One thing that needs to be mentioned is that engine displacement can, for lack of a better term, "dumb" down a camshaft's specs. For instance, a 302 with a 248-degree (at 0.050-inch) duration camshaft will be a very "high strung" engine with very peaky curves and very poor street manners. However, this cam would be right at home for a street application in say an engine that displaces 529 cubic inches. The more cylinder volume that an engine has, the more duration it needs to effectively fill those cylinders. Camshaft selection is often one of this author's most favorite parts of an engine build. Whoever said that the cam was the engine's brain, we would wholeheartedly agree with that. The cam dictates the powerband, it dictates the manners, and it dictates "the sound." All extremely important aspects of a well-thought out engine build.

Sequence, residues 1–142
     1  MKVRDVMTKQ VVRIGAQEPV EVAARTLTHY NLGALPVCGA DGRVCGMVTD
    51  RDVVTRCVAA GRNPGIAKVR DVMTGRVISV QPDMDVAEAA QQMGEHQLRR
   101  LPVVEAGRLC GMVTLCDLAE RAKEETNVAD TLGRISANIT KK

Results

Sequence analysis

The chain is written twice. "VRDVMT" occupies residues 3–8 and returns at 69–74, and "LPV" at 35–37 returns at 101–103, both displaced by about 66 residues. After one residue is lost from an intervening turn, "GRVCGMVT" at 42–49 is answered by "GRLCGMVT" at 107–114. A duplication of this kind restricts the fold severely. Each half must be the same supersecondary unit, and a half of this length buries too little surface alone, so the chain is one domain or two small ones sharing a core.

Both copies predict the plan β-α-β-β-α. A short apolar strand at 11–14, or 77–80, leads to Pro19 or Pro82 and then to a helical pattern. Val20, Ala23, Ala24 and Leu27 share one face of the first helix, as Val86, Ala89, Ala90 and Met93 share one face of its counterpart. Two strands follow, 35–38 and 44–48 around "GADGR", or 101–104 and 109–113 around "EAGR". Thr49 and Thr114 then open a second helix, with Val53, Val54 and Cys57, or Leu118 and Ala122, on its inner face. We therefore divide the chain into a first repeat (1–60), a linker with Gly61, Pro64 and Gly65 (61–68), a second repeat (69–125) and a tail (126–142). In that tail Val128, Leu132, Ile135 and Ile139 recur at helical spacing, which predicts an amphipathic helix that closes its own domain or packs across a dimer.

The intake manifold is extremely important, as it's the door for the air/fuel mixture to enter the cylinder heads. You'll see various designs of intakes, mostly centering around "dual-plane" and "single-plane" intake designs. A dual plane intake has a divider in the plenum (under the carb or throttle body) that provides two plenum areas for the engine to draw from. A single plane's plenum is open--just one common area for all of the runners to draw from.